There's been a breakdown in talks between the Twins and 32-year-old Torii Hunter, and negotiations never got off the ground for Jones, 30, in Atlanta. Even though both players have long suggested that their first choice is to remain with their original teams, the likelihood that either will stay put appears to be diminishing by the day.
If Alex Rodriguez is the main player of interest this winter, center field is the clear position of interest. In an otherwise spotty free-agent market, center field is easily the deepest spot. Aaron Rowand, 30, and Mike Cameron, 34, make it an impressive foursome of free agents at the position, as all four are superb defensively. It starts with Jones, an all-time great in center who's poised to have a stunning sixth season with 400 putouts (he's currently fifth in the majors with 377) despite rumors of having lost a step on defense.
His glossy resume notwithstanding, an off-year by Jones at the plate (25 HRs, 91 RBIs, .222 average) caused three front-office people out of four to suggest to SI.com that Hunter could eclipse Jones in a market that will still pay off huge for both players. It's the age-old debate: career vs. year. Jones is having the better career, Hunter the better year.
Two executives willing to put a crystal ball on the market predicted that both Jones and Hunter (28 HRs, 102 RBIs, .290) would receive deals in the $15-million-per-year range, and one said that he could see either getting a six- or seven-year deal, meaning that either could reach the $100 million mark. All the execs guessed that Rowand would exceed $10 million a year, and two thought that Cameron should score a deal for about $6-to-7 million (although a third executive said he loves Cameron so much that he should get $10 million, as well).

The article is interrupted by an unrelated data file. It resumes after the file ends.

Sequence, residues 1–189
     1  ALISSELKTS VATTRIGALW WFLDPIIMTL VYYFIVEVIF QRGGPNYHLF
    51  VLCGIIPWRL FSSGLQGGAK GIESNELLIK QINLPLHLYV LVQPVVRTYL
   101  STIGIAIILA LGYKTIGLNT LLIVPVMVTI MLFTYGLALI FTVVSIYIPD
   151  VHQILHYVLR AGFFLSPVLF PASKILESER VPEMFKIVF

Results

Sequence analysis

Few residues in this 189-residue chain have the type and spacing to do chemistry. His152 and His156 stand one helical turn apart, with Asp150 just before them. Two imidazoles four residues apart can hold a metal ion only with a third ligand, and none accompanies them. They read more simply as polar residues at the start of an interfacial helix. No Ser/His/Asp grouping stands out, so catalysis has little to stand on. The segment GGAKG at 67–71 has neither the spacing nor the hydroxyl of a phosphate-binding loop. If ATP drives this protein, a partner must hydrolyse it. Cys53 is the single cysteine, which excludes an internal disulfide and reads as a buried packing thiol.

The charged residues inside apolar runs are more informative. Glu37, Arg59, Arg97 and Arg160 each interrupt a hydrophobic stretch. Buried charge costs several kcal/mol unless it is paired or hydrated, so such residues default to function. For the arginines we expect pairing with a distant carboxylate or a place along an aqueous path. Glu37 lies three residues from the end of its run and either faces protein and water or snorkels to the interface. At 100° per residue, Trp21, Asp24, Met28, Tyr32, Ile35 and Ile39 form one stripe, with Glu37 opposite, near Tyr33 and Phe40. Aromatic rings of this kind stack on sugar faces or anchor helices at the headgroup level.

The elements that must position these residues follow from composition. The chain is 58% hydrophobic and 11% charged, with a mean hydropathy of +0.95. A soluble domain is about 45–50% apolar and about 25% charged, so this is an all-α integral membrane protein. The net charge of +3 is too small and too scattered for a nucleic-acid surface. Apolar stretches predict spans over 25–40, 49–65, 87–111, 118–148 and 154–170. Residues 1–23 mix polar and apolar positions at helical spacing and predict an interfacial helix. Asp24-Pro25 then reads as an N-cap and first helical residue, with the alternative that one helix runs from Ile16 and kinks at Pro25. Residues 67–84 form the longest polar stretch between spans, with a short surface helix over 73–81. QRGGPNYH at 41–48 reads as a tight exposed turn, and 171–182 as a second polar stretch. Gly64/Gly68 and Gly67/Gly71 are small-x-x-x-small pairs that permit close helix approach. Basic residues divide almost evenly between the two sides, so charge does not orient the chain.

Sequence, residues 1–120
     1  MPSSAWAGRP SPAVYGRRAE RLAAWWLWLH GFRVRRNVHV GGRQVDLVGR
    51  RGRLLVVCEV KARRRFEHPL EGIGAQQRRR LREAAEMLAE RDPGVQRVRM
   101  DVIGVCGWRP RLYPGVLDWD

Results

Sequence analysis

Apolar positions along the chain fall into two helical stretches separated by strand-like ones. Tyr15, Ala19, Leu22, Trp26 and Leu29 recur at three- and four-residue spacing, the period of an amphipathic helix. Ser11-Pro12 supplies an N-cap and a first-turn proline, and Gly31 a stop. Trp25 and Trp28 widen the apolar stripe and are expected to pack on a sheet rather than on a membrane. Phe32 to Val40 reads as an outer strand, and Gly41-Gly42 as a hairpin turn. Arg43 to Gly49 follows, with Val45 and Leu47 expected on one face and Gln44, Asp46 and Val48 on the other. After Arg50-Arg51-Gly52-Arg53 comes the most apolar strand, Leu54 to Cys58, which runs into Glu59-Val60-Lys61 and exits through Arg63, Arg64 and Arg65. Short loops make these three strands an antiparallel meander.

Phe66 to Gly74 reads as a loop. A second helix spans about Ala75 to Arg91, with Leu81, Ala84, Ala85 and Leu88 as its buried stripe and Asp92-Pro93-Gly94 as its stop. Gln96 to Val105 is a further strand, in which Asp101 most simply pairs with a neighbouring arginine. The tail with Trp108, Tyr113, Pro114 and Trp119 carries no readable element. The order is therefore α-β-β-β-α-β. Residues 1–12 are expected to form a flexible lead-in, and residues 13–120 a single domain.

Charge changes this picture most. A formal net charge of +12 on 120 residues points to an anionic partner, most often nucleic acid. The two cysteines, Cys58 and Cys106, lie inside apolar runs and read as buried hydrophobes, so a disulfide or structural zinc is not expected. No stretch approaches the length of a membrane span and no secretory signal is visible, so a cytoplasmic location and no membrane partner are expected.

But those may be low estimates. Here are my two time-tested rules concerning guessing at free-agent contracts for stars: 1) Executives, often hopeful that their competitors will show rare restraint, often start way too low, and 2) In typical years, anyone really good will get 25 to 50 percent more than you think (which is what I call the Kevin Brown Rule, named after the surly pitcher who turned free agency into a lottery).
Some response to ESPN Radio’s odd decision …
We waited 2+ months for this?
After filling the old Patrick slot (1-4p ET) with every SportsCenter anchor and “insider” they have, ESPNRadio rolls out their blockbuster replacement on Thursday.
Amazingly, ESPN didn’t bring in one successful radio host/show for a tryout. Cleary the logic is that anyone can do a radio show.
The big show will be….Mike Tirico and Stephen A. Smith. But not together. Tirico will do the first two hours and Stephen A will do the last hour. Huh?